A few retrospective studies have investigated the association between dural AVF and thrombogenic conditions.13-15 A German study found that the prevalence of the G20210A mutation was higher in patients with spontaneous dural AVF than in a control group, but only one patient had protein S deficiency.14 In a recent Japanese study, 4 (22.2%) of 18 patients with spontaneous dural CCF were found to have protein S deficiency, but this did not reach statistical significance15, which was attributed to the small sample size and the prevalence of protein S deficiency being higher in the Japanese control group than in Caucasians. However, no report of an association between spontaneous dural AVF and thrombogenic conditions has been issued in any other country.
Sinus thrombosis is considered to play an important role in the development of dural AVF in patients with thrombogenic conditions. Interestingly, our patient did not have sinus thrombosis. However, dural AVF and sinus thrombosis might not always develop simultaneously.15 There is a report of dural AVF developing more than 12-months after sinus thrombosis.16 It is possible that the inciting thrombosis had already resolved when the CCF was detected.
In our patient a new sixth-nerve palsy developed after the initial embolization. In a previous study, six cases (10.7%) developed cranial nerve signs after transvenous embolization, including sixth-nerve palsy.17 In most cases, overpacking of the cavernous sinus probably caused the transient cranial nerve symptoms; progressive thrombosis of the cavernous sinus and direct injury of the nerve by a coil or micro-wire/microcatheter are also possible causes.18,19 Although a recent study measured coil volumes and locations, a method devised to demonstrate coil overpacking was not feasible.20 Thus, it is unclear whether the cause of newly developed sixth nerve palsy in our case was overpacking, a residual shunt, or progressive thrombosis related to protein S deficiency. The disappearance of symptoms after the second embolization and the intraocular pressure being higher in the left eye than in the right eye after embolization and anticoagulation support the theory of residual shunt or progressive thrombosis theories, but the overpacking theory is supported by the following findings: 1) The size of the newly developed shunt was negligible compared to that of the initial CCF. 2) The intraocular pressure of left eye (17 mmHg) was higher than that of the right eye, which was within normal limit. 3) The newly developed cranial nerve palsies caused by overpacking in previously described cases disappeared spontaneously.19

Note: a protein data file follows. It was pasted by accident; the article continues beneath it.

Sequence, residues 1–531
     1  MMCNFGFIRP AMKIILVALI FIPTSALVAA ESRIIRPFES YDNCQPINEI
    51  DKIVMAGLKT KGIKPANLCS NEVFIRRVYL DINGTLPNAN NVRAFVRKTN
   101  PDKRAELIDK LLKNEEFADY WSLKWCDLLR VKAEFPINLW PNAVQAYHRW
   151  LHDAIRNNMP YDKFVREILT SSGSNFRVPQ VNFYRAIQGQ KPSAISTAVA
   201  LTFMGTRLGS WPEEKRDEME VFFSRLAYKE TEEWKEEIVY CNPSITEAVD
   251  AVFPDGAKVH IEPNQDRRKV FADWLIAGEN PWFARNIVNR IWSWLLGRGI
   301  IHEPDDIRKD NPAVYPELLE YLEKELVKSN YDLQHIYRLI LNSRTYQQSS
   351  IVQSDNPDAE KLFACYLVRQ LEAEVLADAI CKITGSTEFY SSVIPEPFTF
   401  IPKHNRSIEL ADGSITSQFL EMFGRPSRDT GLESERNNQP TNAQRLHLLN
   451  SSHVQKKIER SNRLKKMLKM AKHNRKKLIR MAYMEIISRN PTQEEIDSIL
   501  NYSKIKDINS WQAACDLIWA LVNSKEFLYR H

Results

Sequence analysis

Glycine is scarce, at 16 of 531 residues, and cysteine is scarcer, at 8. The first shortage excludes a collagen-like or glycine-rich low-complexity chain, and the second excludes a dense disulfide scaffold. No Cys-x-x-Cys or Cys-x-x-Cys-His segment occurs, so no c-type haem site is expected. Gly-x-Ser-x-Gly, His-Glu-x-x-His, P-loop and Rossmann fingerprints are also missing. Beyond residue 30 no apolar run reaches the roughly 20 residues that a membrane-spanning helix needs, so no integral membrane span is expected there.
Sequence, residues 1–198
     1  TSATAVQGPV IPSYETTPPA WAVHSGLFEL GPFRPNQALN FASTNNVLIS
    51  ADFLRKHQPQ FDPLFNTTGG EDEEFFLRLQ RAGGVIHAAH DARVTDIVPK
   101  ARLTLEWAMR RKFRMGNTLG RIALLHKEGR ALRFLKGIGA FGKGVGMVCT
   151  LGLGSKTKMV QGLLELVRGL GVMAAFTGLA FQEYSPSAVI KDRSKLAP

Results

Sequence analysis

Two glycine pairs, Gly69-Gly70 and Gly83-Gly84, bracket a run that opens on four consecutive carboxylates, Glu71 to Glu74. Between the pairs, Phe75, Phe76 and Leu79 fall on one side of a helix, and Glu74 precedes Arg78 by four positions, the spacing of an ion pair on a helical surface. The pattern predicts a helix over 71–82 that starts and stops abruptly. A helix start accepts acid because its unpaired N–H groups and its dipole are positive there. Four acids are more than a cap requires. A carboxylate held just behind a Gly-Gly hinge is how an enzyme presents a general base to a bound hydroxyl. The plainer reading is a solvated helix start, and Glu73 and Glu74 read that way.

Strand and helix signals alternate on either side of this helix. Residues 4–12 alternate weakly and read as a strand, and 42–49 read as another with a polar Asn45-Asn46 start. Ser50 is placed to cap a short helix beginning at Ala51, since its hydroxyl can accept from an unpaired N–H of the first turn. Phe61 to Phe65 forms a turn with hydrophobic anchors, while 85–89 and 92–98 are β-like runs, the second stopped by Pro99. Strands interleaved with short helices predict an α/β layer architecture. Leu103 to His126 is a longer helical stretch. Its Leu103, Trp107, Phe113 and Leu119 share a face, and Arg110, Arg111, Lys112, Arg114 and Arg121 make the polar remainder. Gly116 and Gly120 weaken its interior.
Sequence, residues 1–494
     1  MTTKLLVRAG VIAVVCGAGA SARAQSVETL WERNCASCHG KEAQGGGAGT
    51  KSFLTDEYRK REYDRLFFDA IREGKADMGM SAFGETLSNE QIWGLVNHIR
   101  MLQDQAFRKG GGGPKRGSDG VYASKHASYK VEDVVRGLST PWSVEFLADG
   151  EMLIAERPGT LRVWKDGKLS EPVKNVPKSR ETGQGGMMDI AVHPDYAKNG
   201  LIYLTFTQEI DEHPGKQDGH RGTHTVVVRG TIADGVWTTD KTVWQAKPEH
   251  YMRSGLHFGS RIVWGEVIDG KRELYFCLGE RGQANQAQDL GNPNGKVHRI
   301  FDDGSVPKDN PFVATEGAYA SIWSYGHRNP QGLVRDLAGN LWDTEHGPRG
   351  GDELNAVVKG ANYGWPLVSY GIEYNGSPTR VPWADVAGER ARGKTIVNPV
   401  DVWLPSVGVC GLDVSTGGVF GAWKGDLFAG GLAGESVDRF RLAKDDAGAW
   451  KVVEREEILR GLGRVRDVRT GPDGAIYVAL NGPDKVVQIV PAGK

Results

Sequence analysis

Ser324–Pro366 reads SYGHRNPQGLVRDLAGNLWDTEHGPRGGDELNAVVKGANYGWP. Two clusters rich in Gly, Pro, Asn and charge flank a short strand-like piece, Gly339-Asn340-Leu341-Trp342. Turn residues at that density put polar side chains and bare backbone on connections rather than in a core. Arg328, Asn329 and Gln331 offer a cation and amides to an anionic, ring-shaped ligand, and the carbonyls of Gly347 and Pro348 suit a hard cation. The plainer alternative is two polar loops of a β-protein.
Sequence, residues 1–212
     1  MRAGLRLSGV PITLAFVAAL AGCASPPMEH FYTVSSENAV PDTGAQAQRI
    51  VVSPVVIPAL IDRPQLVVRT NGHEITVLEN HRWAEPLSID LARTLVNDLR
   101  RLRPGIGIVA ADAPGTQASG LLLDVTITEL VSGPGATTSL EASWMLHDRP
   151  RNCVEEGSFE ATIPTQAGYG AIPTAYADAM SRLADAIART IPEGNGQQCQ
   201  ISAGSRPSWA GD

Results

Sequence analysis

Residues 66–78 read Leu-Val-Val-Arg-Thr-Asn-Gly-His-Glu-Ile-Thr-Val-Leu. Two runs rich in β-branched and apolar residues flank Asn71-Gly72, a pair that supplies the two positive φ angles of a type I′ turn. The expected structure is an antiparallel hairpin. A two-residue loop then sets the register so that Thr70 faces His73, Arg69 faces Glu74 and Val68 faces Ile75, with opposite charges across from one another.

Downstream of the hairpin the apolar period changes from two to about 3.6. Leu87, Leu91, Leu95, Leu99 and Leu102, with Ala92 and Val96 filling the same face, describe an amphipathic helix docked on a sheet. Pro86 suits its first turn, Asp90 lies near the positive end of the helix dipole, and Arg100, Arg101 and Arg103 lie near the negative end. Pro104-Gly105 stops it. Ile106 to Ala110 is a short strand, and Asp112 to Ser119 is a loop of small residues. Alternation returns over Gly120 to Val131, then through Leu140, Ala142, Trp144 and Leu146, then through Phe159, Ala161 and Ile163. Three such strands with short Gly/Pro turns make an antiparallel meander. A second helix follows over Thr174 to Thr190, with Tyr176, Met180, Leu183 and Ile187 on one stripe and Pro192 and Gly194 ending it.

To our knowledge, this is the first report of spontaneous CCF in a Korean patient with concurrent protein S deficiency. Few studies have investigated the association between CCF and thrombogenic conditions, which makes further adequately powered studies necessary. Interestingly, a transient sixth-nerve palsy developed after transvenous coil embolization, but this additional symptom-which was caused by residual fistula-was relieved after additional transarterial embolization.

Figures and Tables

Fig. 1
Cerebral angiography images show a left CCF fed by the bilateral internal and external carotid arteries. A: Lateral arteriogram of left external carotid artery. B: Lateral arteriogram of left internal carotid artery. C: Anteroposterior arteriogram of right internal carotid artery. D: Magnetic resonance images indicate a prominent superior ophthalmic vein. CCF: carotid cavernous fistula.


The authors have no financial conflicts of interest.